But I think that everyone should be able to up, down and fight everywhere. I don’t like to see Billy Bob’s Kick boxing school on one street corner, and “Big Ralph’s Wrasling” school on another corner. Fighting is fighting and you fight where you fight. Seamlessly. Standing, kneeling, sitting and on the ground. You fight where you fight, with and without weapons. That is the end goal for me and what I teach people to pursue. But, in order to amass an education in these subjects we must meet experts in each of these fields. Again, all sorts of biases and things happen in this training process that gets one off the path of clean, unarmed and mixed weapon, generic fighting.

A collaboration of criminal justice colleges years ago came up with the four common ways we hit the ground, as best they could from research.

  1. We trip and fall
  2. We are punched down (usually sucker punches)
  3. We are tackled down
  4. We are pulled down

The very fact that you can often land on the ground, is reason alone to worry about it. I am a big fan of generic, MMA-ish, fighting with an emphasis on ground and pound. MMA has become very clean and generic for it does. It wants to win and system borders be damned. Plus, nothing replaces ring time -to quote Joe Lewis.

We are now in the New Year. What resolutions do you have and/or goals for the year?

I am supposed to be retired, you know. HA! I hope to trim my seminar schedule down to one USA city a month, one international city a month and one Sunday a month in the Dallas/Ft Worth area where I live. Technically, this means I am home two full weeks a month, but I can already see this is stacking and packing up differently than I planned for 2017 already. But, I would like to teach way less, write way more, and just hang out with my wife most of all.

Bonus Question – What book or resource (besides your own material) have you suggested or gifted most and why?

Oh man…DON’T get me started on THIS list, as I recommend a different book in every one of newsletters every three weeks for years, but here are just a few.

  1. Smarter Faster Better : by Charles Duhigg. Tremendous, enlightening, myth-breaking into on performance
  2. The Talent Code : by Dan Coyle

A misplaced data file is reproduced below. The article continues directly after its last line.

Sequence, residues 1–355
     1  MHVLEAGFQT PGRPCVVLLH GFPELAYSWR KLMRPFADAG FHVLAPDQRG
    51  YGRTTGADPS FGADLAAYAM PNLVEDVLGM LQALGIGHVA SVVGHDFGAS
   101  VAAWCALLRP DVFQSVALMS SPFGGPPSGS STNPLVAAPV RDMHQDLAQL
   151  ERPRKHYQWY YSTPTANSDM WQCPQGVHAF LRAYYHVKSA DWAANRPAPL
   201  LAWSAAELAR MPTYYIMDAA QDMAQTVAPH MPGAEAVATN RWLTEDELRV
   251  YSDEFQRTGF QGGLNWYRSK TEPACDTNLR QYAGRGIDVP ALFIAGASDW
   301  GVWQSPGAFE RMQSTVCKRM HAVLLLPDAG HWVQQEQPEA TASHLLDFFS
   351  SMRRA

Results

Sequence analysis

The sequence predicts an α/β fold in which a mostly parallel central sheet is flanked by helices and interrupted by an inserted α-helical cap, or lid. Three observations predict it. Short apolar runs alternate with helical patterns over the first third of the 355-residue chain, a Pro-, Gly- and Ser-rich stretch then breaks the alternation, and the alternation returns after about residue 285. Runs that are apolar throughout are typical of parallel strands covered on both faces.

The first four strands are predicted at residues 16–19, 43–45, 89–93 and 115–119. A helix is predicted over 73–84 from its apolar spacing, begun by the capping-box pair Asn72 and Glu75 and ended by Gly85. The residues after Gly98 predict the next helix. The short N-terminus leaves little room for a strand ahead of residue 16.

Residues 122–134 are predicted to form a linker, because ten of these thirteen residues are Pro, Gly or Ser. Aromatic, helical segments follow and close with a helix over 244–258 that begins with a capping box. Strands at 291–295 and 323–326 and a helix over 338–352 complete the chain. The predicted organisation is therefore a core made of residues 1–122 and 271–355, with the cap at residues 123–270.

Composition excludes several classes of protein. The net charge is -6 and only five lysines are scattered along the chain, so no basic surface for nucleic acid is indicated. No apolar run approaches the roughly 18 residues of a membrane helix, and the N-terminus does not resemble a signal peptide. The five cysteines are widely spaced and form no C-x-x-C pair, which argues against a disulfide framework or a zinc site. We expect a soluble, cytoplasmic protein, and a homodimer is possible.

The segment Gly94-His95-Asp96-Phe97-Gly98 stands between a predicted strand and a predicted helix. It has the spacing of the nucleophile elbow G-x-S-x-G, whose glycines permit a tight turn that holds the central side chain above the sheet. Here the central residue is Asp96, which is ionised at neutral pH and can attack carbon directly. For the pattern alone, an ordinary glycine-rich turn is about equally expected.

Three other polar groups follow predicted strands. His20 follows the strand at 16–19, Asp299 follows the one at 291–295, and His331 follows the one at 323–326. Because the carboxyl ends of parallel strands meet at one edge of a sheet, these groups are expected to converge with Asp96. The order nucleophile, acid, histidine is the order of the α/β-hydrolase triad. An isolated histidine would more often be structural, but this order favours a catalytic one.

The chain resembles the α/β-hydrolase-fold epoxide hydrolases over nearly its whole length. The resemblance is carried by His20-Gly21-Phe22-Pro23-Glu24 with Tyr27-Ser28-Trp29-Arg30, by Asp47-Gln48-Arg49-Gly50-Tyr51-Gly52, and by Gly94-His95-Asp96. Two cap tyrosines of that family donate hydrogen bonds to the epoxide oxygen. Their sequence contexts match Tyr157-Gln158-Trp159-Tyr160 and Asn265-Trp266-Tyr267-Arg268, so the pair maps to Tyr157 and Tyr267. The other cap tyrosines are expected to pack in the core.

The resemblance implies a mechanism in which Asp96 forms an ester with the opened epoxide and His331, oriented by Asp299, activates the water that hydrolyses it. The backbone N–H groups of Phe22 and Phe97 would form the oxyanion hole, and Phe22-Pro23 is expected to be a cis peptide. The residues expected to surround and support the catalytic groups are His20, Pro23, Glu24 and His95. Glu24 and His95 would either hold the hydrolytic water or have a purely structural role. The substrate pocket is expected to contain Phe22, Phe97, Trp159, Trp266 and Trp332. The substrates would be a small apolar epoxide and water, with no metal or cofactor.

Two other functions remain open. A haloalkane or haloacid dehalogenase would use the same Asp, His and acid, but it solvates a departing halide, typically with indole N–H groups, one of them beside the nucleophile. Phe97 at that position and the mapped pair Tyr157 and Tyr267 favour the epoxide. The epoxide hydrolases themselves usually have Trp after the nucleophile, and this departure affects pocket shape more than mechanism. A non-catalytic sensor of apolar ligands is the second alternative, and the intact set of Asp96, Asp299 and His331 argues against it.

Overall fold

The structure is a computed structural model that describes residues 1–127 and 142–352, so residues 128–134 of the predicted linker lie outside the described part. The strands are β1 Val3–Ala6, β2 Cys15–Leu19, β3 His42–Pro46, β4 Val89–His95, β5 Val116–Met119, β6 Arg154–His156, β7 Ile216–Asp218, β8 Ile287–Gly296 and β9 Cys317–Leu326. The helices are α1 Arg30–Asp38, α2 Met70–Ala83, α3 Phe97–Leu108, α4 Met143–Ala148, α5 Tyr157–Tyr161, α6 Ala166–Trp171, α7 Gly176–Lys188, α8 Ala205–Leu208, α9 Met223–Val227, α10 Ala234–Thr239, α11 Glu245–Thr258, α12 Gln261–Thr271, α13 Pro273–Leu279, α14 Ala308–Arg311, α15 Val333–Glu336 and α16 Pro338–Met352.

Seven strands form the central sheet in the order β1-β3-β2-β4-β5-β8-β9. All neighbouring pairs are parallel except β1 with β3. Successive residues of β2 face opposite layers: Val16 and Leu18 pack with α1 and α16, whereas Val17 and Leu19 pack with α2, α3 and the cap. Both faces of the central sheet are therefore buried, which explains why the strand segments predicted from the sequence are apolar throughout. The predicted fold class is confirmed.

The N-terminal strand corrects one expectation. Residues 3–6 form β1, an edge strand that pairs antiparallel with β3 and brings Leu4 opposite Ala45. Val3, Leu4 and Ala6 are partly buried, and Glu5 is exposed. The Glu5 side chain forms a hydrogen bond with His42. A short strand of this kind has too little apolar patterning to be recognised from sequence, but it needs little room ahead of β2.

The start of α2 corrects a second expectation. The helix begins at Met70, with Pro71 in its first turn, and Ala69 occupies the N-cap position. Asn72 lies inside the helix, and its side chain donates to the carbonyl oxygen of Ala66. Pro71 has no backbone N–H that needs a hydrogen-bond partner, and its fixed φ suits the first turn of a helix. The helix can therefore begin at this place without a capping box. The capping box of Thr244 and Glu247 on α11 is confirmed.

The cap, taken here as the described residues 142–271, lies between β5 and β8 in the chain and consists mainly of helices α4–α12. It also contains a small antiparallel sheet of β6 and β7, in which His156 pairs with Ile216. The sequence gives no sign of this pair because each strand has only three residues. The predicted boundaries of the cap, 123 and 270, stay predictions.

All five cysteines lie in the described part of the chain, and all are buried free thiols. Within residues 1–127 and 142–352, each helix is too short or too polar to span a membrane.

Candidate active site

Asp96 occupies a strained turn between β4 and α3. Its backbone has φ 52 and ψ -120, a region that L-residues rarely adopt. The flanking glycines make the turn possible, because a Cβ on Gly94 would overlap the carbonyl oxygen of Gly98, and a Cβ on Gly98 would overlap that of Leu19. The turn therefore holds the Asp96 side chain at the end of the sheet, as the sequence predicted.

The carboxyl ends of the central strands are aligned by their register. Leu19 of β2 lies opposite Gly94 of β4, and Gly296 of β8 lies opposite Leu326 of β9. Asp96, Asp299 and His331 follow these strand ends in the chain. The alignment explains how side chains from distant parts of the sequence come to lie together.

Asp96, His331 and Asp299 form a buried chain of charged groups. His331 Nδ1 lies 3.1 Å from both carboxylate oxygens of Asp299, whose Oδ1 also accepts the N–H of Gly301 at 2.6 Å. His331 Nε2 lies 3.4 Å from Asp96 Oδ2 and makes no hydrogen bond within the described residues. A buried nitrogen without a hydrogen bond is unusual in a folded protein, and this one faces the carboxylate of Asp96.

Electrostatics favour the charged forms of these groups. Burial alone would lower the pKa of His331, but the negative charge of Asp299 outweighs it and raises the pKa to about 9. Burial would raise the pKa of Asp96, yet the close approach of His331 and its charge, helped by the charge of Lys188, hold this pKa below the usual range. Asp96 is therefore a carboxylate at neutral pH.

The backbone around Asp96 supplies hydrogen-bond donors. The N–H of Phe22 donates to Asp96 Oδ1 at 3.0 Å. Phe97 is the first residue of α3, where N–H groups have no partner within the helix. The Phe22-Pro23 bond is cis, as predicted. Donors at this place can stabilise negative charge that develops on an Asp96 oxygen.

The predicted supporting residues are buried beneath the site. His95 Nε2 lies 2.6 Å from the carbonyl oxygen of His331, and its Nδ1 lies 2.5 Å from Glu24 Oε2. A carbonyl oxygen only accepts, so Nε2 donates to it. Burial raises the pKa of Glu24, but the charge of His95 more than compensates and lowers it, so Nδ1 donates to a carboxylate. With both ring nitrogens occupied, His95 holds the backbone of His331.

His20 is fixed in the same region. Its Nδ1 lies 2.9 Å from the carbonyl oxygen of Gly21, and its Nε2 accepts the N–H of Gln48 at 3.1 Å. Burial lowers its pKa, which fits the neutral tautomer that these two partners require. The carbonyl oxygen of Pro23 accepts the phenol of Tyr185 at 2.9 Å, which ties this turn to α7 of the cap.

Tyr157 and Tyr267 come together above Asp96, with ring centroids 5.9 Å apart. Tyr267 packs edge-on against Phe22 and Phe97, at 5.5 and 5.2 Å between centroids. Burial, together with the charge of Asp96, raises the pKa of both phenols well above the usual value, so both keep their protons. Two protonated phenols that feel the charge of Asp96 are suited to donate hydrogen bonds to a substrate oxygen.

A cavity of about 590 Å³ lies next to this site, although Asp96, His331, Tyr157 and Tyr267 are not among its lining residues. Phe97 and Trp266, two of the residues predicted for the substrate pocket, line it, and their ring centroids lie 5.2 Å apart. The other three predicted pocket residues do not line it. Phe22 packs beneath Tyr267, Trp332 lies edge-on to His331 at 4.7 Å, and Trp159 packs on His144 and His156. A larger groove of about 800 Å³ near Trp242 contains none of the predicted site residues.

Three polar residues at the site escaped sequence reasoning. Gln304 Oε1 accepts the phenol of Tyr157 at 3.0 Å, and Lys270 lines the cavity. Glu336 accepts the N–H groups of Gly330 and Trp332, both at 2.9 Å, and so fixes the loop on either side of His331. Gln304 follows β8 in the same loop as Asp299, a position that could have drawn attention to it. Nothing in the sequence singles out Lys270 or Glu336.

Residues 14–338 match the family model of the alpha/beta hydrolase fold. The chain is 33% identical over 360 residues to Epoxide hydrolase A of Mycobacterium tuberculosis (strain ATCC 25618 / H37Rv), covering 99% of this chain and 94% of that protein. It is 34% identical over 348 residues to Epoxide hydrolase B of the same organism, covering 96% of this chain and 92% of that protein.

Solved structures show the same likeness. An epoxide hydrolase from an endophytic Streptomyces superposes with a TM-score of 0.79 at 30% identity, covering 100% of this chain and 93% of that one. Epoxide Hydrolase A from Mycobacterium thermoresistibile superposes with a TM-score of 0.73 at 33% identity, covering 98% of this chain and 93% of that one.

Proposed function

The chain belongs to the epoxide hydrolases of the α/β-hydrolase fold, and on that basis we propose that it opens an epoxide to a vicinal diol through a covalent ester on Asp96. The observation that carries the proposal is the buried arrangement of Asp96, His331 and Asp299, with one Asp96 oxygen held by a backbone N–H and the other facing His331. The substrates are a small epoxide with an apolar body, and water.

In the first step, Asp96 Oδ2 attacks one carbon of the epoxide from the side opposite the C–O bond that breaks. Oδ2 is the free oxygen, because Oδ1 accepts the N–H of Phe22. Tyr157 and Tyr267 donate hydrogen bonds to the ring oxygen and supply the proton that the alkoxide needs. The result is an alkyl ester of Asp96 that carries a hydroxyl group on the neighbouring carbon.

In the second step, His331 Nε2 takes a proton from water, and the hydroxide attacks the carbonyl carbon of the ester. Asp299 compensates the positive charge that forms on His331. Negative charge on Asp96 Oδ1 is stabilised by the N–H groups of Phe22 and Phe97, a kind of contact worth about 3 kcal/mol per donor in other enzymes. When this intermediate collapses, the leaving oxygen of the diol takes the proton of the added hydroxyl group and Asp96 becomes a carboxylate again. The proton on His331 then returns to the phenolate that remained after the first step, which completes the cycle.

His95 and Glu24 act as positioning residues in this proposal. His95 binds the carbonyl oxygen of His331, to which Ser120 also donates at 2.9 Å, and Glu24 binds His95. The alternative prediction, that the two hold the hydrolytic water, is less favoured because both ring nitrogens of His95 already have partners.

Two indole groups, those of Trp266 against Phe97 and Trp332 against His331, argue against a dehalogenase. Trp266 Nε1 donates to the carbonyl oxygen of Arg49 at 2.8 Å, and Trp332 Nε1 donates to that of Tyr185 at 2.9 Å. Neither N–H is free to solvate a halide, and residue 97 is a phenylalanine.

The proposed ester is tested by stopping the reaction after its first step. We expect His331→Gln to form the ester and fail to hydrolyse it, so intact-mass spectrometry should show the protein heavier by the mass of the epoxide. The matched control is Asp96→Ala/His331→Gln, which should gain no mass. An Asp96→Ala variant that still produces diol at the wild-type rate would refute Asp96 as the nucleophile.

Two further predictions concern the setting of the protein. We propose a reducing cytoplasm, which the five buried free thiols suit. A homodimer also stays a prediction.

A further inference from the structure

3. Streetlights and Shadows : Searching for the Keys to Adaptive Decision Making by Gary Klein
  4. Anti-Fragile : by Nassim Talib
  5. Bounce : by Matt Syed

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Hock’s email is HockHochheim@ForceNecessary.com

Check out these books, now in Amazon Ebook format for only $10!

 

#hockhochheim #selfdefense #combatives #streetsurvival

SEARCHING FOR EPIPHANY… In the Martial World

What does having an epiphany mean?

  • a usually sudden manifestation or perception of the essential nature or meaning of something.
  • an intuitive grasp of reality through something (such as an event) usually simple and striking.
  • an illuminating discovery, realization, or disclosure.

For me, in martial-combatives studies this is quest for that somewhat, magic moment of a new understanding and progress.

Lots of people are addicted to their martial sport or art and for many good reasons like “tribal” friendships, exercise, goal achievement, etc. and they become purposely or naively entrenched in what they do. Which is fine for them, providing they understand what I just said. Where it all fits. But, however, if they were like me years ago, doing all those things, and STILL frustrated, it is a problem. I worried, was I on “on mission” or “off-mission?” I was a soldier. I was a cop. I worried about the real world of crime and war, not martial hobbies, not arts or replicating systems. 

One day in the mid-1990s, I “awoke” with a big epiphany. As I have written here about before, and I went from “mixed-up” martial arts to “mixed martials.” That is what I realized, what I wanted and needed, my real “on mission,” pursuit, which in my case was the maximum, total blend of hand, stick, knife, gun (“gun” as in pistol and long gun).

Following this big epiphany, came smaller ones, like these examples:

Example 1: Finding single skill drills that work with hand, stick, knife and gun. Or as many of the 4 as possible.

Example 2: Searching for things as simple as possible, yet allowing for as little complexity as functionally possible.

Example 3: A format for individual tactics like…kicking. Take the simple front snap kick (to the shin or groin) Do it –